I didn’t get that impression. The article mentioned reading these emails for 30m a week. Going from there to doing tech support yourself as a CTO is...
It seems to me that a CTO doing tech support either understand something I really don’t, or really fails to understand something I do. Superficially, it sounds like the sort of low-level digging around you get from engineers that got the CTO title but never got comfortable with the transition.
But the attitude displayed in some of the replies is exactly what I'm talking about when I say some people think support is beneath them.
question also works for PMs / devs / co-founders / ...
I know someone will respond that they don't have time read all of the support emails, but my response would be that getting so many support emails is itself a data point.
The fact that there's someone at the other end of the support channel who actively cares and understands the problem and the customer's voice is being conveyed company wide creates a better experience for everyone.
I think a handful of companies are getting more proactive with security reporting, but everyone still treats the quality of their services and front line support system as an afterthought.
If, when I reported an issue, and it was determined not to be PEBKAC... loop me in on updates, or followup with questions. I'm happy to try to reproduce issues, or give more details, or whatnot. I'm a user/customer - I want the product/service, and I want it to be better.
It would be great for companies as a whole to start realizing the value that you can bring to your existing customers through this experience, and to recognize that this is another face of your company.
This only works if they know how to convey the relevant issues to the right developers properly.
I had some large files on my Amazon Drive (the consumer product) which could never be downloaded via the desktop app, web browser, odrive, or rclone. I had to endure multiple instances of support going through the flowchart, and some promises of conveying my issue to the engineering team only to be met with disappointment.
I never managed to recover those files in the end.
100% this. I don't know that it was like this across the company, but the way customer-facing issues were escalated to my group was pretty awful and almost always mishandled. Customer tickets landing in the same queues as host/service auto-generated tickets, bad handoffs and prioritization, devs with no support experience asking for way too much information from non-technical people just trying to use the service. I suppose the first-line support org is to blame in part. Though it wasn't one of the hotter products they offer, it was definitely old enough and nearly foundational to have warranted several more subject matter experts on the support side. Seeing them tout themselves as one of the most customer-centric companies out there was flabbergasting when it came to that org.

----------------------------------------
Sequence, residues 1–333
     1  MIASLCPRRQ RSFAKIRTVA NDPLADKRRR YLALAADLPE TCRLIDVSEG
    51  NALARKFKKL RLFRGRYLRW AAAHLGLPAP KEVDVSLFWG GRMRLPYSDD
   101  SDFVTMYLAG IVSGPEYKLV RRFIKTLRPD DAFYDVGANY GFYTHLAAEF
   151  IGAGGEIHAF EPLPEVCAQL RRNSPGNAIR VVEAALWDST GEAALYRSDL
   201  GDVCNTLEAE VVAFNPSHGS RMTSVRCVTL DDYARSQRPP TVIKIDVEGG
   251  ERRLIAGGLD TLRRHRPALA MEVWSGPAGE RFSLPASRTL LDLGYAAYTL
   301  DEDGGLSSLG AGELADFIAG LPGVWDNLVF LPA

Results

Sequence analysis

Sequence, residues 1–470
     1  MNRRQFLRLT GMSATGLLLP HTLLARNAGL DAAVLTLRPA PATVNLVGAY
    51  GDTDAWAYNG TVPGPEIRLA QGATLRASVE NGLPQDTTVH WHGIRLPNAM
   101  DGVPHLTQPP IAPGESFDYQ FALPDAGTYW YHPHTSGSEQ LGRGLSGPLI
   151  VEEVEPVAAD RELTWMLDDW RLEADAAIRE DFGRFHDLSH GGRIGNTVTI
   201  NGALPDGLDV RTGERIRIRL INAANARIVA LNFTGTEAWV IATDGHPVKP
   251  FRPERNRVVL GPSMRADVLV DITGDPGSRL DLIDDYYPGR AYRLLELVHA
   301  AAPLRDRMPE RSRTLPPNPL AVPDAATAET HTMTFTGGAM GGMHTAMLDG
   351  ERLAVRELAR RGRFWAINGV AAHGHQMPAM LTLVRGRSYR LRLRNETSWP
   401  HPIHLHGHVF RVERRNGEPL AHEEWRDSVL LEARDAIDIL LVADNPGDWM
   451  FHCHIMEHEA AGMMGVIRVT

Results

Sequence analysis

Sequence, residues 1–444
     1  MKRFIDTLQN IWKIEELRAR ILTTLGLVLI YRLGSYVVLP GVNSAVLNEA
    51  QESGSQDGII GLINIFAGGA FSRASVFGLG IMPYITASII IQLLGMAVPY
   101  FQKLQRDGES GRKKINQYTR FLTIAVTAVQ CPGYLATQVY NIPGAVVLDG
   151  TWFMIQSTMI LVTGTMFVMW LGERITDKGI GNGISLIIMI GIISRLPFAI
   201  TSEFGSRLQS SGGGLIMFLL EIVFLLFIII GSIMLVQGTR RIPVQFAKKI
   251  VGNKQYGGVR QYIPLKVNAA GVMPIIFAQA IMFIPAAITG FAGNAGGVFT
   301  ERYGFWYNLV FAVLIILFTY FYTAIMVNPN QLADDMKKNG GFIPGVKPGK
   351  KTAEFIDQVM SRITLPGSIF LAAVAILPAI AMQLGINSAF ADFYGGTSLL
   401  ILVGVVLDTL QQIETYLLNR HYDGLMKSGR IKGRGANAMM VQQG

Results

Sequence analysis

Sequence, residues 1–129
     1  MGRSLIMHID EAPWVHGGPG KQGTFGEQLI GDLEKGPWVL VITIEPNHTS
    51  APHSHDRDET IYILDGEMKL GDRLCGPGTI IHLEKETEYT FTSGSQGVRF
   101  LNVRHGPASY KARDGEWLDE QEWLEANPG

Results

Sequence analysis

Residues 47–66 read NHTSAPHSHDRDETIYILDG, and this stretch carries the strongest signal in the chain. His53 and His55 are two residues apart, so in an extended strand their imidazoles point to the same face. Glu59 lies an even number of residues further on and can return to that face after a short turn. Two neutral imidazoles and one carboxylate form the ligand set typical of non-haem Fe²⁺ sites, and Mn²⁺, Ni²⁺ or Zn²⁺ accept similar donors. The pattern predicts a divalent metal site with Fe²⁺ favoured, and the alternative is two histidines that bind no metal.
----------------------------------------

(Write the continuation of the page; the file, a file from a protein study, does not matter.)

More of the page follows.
(Source, used to eat bananas)
Simple CRUDs with non-complex infrastructure... that cost a boatload per client.
On the topic of reading support email; I think it's important that developers regularly have tickets escalated to them, and regularly hear about the trending issues; but that doesn't mean they need to spend a day in the queue. Processing support email is a skill that needs training and practice to do well; it's not something an engineer can do once a month or a few times a year with good results. Of course, this may depend on the scale of your support queue and of your team; there's a big difference in a few emails per developer per day and thousands per day.
That kind of says it all... There should be no reason support tickets should bog down their infrastructure. We're not talking about millions of real-time transactions here, even in the most popular consumer products. I should expect perfection because it's simply the most trivial product you can build, technology-wise.
Companies that want to get every team engaged with customer feedback can:
(1) Invest in their own data extraction and pipeline to push conversational info into cross-team dashboard.
(2) Perform or outsource a bunch of research and report on "voice-of-customer" to the rest of the org.
(3) Use active feedback reporting tools like ProductBoard or NomNom to organize (one kind of) customer feedback.
(4) Try passive conversation analysis from new tools like frame.ai (that's me!) or scopeAI
Or use ScopeAI :) (Biased since I work there)